3. Sounds like another confessional subscription issue on the Westminster Standards, how strict is too strict or too loose, what exactly is good faith subscription (which varies by each presbytery)? Is it too strict, in regards to the Standards, to discipline officers and laity for playing Scrabble on the Sabbath (as the whole time is not being devoted to worship and duties of necessity and mercy)? Or should we allow non-cessationalists, F.V., and paedocommunionists, perhaps even egalitarians to be officers in the church, as we believe it to be in accordance to a good faith subscription? That would be closer to “system subscription”, all the while there are many presbyteries in the PCA that would not consider these to be in accordance with good faith subscription. Thankfully I am licensed in a presbytery in the PCA that I find has a good balance. However, I still feel it has a certain subjectivity to it because many are sympathetic to or hold to strict subscription, but would probably not have an issue with playing Scrabble on the Sabbath (which I don’t have an issue with, but I think the Standards prohibit).

    • Is “good faith” subscription not just a good excuse for compromise on vital doctrinal issues? If we look the other way when some plays Scrabble on the Sabbarh, then we can look the other way when the FV want to introduce temporary election through baptism and two stage justification? Is your good faith subscription the same as mine? Who gets to decide what “good faith subscription” actually means? The confessional standards, on the other hand are quite clear.

    • Angela, you raise some good points. Personally, I think that if a presbytery is going to allow for exceptions then those exceptions should be explicitly written out. In general, I believe that ministers should periodically have to undergo questioning regarding where they stand in terms of the confession of faith. People change their theology overtime and it’s not wise to ordain a man and assume his views have not changed with the passing of time. Quite often people change views but they do not want to be as open with their denomination as they should because they know doing so will cost them their job. Which is something that both the minister and the church often do not want to happen. And some people have such loyalty to being part of their denomination that they refuse to do the right thing and leave when they know they no longer Believe what their denomination requires of them. Good faith subscription also sounds like people in that Presbytery are not willing to do the hard work of deciding whether or not a candidates understanding is allowable by there confession of faith. I’m not in a confessional denomination but we do follow the Westminster standards but allow for exceptions. But any and every exception we make has to be in writing and explained. We do not allow for anyone to make any kind of exception unless it is in writing and explicitly explained in detail. I’m very thankful my denomination amended our Westminster standards to include in the section on marriage that marriage is exclusively between one man and one woman. There are a lot of confessional Reformed denominations that would be opposed to such a measure (amending the WCF), but I think in our cultural context not doing so will in the long run prove to be a mistake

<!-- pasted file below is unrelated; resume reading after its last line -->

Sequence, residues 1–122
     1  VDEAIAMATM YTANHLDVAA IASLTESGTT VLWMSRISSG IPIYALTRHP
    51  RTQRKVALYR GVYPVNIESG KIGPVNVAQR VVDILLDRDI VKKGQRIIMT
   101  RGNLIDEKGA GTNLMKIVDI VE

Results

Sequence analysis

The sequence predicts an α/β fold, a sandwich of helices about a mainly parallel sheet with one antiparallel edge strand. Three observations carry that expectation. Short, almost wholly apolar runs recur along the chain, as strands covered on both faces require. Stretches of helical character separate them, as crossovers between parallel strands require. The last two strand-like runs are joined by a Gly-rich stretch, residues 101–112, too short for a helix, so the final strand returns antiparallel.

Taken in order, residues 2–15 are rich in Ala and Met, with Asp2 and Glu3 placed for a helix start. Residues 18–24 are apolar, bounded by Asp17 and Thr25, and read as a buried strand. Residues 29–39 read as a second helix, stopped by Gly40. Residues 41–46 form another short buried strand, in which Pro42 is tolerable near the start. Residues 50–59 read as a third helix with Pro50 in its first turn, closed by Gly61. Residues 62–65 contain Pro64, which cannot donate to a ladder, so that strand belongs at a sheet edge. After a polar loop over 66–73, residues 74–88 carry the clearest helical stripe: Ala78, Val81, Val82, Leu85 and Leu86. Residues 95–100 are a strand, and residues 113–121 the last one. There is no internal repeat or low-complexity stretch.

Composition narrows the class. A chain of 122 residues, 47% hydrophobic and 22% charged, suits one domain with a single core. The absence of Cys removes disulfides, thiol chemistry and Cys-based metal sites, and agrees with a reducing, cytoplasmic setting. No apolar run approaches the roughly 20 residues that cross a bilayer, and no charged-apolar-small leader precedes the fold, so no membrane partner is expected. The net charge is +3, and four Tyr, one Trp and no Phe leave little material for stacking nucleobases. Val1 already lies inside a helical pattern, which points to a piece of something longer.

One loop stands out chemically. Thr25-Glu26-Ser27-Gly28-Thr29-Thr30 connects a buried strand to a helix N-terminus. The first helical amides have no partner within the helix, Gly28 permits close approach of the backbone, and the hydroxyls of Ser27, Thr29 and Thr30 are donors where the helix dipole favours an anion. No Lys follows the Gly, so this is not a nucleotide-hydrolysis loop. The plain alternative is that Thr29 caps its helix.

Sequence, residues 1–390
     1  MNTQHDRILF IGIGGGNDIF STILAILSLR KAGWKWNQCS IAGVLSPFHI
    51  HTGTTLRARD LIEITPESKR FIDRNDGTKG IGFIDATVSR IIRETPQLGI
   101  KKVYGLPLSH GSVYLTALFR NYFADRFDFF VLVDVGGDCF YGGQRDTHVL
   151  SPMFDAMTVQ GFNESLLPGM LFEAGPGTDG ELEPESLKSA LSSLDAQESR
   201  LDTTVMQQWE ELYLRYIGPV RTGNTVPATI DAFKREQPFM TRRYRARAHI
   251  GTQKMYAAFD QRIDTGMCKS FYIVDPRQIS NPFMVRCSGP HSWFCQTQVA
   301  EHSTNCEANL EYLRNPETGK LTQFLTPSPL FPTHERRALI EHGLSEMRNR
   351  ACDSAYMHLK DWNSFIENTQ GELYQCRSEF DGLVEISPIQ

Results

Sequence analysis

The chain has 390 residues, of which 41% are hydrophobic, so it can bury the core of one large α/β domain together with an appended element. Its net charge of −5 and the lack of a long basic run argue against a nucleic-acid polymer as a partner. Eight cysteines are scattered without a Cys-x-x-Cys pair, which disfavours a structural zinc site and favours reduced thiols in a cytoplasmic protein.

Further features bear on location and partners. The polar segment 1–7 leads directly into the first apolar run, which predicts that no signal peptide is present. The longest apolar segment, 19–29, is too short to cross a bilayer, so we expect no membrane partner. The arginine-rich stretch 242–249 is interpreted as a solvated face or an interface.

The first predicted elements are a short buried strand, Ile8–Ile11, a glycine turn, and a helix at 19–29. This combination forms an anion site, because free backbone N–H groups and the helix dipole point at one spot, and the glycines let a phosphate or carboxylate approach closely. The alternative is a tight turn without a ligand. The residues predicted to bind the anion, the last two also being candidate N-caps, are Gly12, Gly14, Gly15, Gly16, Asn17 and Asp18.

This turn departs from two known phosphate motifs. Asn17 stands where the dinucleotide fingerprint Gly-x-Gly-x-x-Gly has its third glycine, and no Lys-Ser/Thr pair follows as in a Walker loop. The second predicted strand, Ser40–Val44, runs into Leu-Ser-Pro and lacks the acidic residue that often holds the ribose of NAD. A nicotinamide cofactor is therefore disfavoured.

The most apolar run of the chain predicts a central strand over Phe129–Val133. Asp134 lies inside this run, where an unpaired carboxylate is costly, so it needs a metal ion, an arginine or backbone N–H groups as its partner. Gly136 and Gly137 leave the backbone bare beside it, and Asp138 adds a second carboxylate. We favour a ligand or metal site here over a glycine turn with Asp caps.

• It is my understanding that the confessions allow for amendments based on clear arguments from Scripture, that the confessions need to be changed, and when this can be proven and accepted by the Church, the confessions are to be changed. Your example on marriage is just such a case. When the confessions were written, marriage was unquestionably between a man and a woman, but in this morally corrupt time, it needs to be made clear what the Scripture says on this matter, so the amendment you describe should be clearly in line with the case for an amendment that is proven to be needed from Scripture. The problem is with allowing everyone’s subjective opinion to decide what is to be allowed as a deviation from the Standards, rather than the authority of Scripture, proven and accepted by the Church. In the case of a minister who can no longer profess full subscription, you might think that it would be possible for him to separate his personal opinions from the doctrine he has sworn to teach? But that would seem to involve him in a hypocritical compromise in his conscience. To continue to stay, just to keep his job or because of other considerations just seems like dishonesty, and unworthy of someone in the position of a pastor. I think you are right, churches need to keep their pastors accountable for teaching the doctrines the church holds to. That may involve hard decisions, but what we hold as the true faith should always be our most important consideration.

    • I think that marriage question is already covered:

      WCF 24.1: Marriage is to be between one man and one woman; neither is it lawful for any man to have more than one wife, nor for any woman to have more than one husband, at the same time.

      And for good measure,

      WCF 24.4: Marriage ought not to be within the degrees of consanguinity or affinity forbidden by the Word. Nor can such incestuous marriages ever be made lawful by any law of man or consent of parties, so as those persons may live together as man and wife.